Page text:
The piece of vellum my niece sent me is authentic, a page from a fifteenth century Italian antiphonal hand lettered and notated (is that the right word?) in Gregorian chant. It’s worth about a hundred dollars. Cool!
When I was in US Navy boot camp about a thousand years ago, one of the songs we learned was “WAVES of the Navy,” which I have never forgotten. It’s a “counter melody” to “Anchors Aweigh,” and very pretty when sung with the latter. By the words you can tell this dates to the founding of Women Accepted for Voluntary Emergency Service (WAVES) in World War II. This past Sunday I was visiting a friend. She’s a musician and an avid looker-upper of things on the Internet. I mentioned that I had never heard that counter-melody outside of boot camp, and she picked up her iBook and seconds later presented me with several links. Here’s one. If you’re musically inclined, try playing it while listening to “Anchors Aweigh” and prepare to be charmed. (“. . . [He] will find ashore his man-size chore was done by a Navy Wave.”) The Internet is wonderful.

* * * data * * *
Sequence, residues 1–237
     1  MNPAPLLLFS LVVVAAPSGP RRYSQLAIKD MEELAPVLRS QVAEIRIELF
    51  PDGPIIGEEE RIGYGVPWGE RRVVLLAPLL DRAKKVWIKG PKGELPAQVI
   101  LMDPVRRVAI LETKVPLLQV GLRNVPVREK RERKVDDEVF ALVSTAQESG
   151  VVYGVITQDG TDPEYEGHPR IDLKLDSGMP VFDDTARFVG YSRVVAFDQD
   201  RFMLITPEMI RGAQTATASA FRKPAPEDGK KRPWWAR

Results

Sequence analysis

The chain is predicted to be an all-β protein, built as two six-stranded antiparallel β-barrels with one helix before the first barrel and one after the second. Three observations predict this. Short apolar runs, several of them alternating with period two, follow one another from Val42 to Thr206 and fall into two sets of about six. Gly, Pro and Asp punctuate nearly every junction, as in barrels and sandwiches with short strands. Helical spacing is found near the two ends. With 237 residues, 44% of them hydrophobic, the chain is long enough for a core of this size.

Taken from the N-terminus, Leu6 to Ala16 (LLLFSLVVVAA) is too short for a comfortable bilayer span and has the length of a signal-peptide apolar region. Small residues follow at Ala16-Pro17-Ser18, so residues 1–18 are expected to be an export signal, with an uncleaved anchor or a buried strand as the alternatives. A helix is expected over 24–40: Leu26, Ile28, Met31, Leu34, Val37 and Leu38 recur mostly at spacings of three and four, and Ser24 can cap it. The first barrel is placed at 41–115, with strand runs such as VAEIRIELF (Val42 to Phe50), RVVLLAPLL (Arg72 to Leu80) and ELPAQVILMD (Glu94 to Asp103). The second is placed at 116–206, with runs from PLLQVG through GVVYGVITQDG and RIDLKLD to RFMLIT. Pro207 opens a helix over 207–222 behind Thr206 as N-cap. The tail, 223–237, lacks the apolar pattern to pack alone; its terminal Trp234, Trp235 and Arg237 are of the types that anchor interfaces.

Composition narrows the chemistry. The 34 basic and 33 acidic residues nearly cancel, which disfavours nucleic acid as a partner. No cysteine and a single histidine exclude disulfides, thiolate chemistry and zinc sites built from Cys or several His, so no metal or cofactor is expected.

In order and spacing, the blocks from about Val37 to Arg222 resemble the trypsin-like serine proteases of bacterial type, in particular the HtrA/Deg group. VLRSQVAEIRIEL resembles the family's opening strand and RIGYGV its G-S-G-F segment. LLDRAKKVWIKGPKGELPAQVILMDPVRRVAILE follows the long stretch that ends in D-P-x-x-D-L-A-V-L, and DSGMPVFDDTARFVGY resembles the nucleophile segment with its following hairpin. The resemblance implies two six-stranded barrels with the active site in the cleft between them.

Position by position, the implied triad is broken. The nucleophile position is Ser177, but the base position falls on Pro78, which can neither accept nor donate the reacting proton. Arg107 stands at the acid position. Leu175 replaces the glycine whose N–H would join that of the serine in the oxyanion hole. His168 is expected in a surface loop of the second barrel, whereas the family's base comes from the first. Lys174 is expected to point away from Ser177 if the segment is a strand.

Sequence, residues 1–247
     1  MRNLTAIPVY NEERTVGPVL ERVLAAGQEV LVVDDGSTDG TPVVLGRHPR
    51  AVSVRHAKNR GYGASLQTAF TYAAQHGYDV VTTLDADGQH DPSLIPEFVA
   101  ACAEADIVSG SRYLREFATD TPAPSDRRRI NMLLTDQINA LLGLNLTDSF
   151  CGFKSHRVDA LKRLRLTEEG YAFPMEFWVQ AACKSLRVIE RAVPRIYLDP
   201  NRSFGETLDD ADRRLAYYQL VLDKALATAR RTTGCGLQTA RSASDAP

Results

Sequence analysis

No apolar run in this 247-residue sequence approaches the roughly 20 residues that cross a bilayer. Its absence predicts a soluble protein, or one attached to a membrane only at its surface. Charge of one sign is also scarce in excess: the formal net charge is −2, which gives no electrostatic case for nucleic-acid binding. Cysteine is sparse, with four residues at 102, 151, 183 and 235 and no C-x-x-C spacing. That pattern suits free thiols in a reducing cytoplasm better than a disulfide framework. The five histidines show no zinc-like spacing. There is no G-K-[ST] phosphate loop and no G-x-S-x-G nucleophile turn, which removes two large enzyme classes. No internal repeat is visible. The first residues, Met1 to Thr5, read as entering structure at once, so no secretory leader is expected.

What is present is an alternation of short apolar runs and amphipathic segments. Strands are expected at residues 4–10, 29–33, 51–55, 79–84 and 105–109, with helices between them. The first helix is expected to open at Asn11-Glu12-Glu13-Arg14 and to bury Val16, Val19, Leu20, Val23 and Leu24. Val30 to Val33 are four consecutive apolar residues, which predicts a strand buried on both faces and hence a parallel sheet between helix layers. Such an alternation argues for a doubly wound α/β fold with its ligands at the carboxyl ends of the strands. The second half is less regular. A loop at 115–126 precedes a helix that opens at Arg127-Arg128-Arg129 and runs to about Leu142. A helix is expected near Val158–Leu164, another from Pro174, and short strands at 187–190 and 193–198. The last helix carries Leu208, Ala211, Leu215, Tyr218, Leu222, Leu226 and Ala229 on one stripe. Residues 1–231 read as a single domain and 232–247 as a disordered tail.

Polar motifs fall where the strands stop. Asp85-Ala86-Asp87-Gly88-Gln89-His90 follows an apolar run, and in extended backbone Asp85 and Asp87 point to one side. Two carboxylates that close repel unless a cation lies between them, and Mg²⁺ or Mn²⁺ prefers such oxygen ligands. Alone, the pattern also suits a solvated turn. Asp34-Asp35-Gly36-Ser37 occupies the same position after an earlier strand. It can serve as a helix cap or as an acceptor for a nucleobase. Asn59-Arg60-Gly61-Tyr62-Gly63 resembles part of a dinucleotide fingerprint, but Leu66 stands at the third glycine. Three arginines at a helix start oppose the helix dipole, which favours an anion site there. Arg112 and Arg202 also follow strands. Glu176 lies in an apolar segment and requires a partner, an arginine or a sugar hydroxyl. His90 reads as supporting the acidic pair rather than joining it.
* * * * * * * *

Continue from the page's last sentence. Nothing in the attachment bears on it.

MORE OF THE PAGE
Waves of the Navy
There’s a ship sailing down the bay.
And she won’t slip into port again
Until that Victory Day.
Carry on for that gallant ship
And for every hero brave
Who will find ashore, his man-sized chore
Was done by a Navy WAVE.
Words by Betty St. Clair
(Written to harmonize with “Anchors Aweigh”)